(CNN)It’s been a bit of a rough start for Massachusetts Sen. Elizabeth Warren’s 2020 presidential campaign.
Which makes what happened Monday night in Jackson, Mississippi, very important for Warren and her supporters. At a CNN-sponsored town hall, Warren delivered a very strong performance in which her policy chops, which we knew about, were bolstered by the powerful — and emotional — re-telling of her childhood struggles.
One moment in particular stood out. Here’s the exchange between Warren and CNN’s Jake Tapper:
TAPPER: You talk about how your family stood at the brink of financial disaster through a good part of your childhood. How has that shaped your life in the Senate?
WARREN: I’ll tell you about that. I have three older brothers. They all went off and joined the military. That was their ticket to America’s middle class. I was the late-in-life baby. My mother used to call me the “surprise” and about the time I was in middle school, my daddy had a heart attack and it was serious. Thought he was going to die. The church neighbors brought covered dishes. It was a scary time. He survived but he couldn’t go back to work. We lost our family station wagon and at night I would hear my parents talk and that’s where I learned words like mortgage and foreclosure and I remember the day that I walked into my parents’ bedroom and laying out on the bed is the dress. And some people here will know the dress. It’s the one that only comes out for weddings, funerals and graduations and my mother is in her slip and she is stocking feet and she’s pacing back and forth and she’s crying. She is saying “we will not lose this house. We will not lose this house.” She was 50 years old. She had never worked outside the home. She was truly terrified. And I watched her while she finally just pulled it together, put that dress on, put on her high heels and blew her nose and walked to the Sears and got a minimum wage job, and that minimum wage job saved our house, but more importantly, it saved our family.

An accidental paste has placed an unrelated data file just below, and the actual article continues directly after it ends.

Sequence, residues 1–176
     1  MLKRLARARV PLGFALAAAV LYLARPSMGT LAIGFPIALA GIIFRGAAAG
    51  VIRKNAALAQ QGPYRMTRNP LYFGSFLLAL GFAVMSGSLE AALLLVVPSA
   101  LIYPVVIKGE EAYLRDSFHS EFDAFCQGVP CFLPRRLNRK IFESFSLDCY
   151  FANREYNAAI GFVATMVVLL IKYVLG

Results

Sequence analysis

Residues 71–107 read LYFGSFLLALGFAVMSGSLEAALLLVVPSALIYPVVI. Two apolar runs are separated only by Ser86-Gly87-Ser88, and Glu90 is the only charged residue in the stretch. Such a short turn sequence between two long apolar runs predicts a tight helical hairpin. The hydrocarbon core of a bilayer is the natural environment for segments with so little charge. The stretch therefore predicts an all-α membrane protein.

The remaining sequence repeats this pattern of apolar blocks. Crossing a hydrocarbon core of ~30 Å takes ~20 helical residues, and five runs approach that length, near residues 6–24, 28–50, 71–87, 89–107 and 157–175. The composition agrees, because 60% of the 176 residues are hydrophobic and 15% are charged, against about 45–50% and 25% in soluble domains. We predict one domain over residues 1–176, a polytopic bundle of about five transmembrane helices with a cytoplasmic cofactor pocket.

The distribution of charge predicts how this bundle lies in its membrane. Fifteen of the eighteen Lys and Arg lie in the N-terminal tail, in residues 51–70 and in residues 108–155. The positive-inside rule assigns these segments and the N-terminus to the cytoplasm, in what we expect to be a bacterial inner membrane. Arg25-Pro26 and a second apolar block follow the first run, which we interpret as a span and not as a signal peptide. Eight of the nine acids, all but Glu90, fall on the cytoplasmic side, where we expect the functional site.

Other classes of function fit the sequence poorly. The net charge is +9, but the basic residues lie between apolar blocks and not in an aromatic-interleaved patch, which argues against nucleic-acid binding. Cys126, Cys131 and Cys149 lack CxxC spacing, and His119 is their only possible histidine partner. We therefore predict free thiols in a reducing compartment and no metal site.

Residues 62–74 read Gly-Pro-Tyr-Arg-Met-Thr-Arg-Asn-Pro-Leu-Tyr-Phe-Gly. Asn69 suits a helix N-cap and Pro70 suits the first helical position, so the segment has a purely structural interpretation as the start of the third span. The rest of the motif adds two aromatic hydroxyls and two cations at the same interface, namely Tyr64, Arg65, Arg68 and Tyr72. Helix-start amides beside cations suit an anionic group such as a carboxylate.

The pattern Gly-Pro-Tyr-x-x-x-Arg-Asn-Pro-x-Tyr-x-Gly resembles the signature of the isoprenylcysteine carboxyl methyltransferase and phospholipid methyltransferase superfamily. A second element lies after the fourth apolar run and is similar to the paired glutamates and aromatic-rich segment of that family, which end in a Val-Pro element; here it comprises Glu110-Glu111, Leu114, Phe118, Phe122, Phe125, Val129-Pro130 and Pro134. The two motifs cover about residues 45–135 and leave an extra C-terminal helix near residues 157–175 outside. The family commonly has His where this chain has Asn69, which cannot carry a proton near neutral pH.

To get the full effect of the answer, you need to watch it. Warren is visibly emotional, her eyes welling up with tears as she recounts the courage of her mother. Watch this:
(The Warren campaign, sensing their candidate had just had a moment, tweeted out the video of her answer.)
Why did this moment matter? Because presidential campaigns are about moments, about glimpses into who a candidate really is and what motivates them to run for the highest office in the country.
For most voters, Warren was just a jumble of policy proposals before Monday night. She is a self-admitted policy wonk who has put her meaty policy prescriptions front and center in the campaign. But voters don’t choose a candidate based solely on policy papers. If they did, every president would be a former think-tanker. Who the candidate is, really, plays an absolutely critical role in the presidential decision. At root, people usually vote for president based on a belief that the person they are choosing “gets” them in some fundamental way.
Which brings me back to Warren’s emotional recounting of her family’s economic struggles and her mother’s bravery in the face of possible financial ruin. It wasn’t the first time she’s told that story. As MJ Lee, who covers Warren for CNN, noted, that retelling of her childhood is a staple of Warren’s stump speech. But most people haven’t seen a Warren stump speech. They have likely read or seen coverage of her struggles to clear up whether she is of Native American descent (or not). Maybe they know she is a senator from Massachusetts who previously worked in the Obama administration. But that’s about it.
Warren’s powerful delivery of her childhood struggles Monday was on national TV and in primetime. Lots and lots of people either saw it live, watched a snippet of it on social media or read about it on a website just like this one. That matters. To win a presidential nomination, you have to be able to perform when the bright lights come on and everyone is watching.
Warren did that on Monday night. Which should serve as a shot of momentum for a campaign that needs it.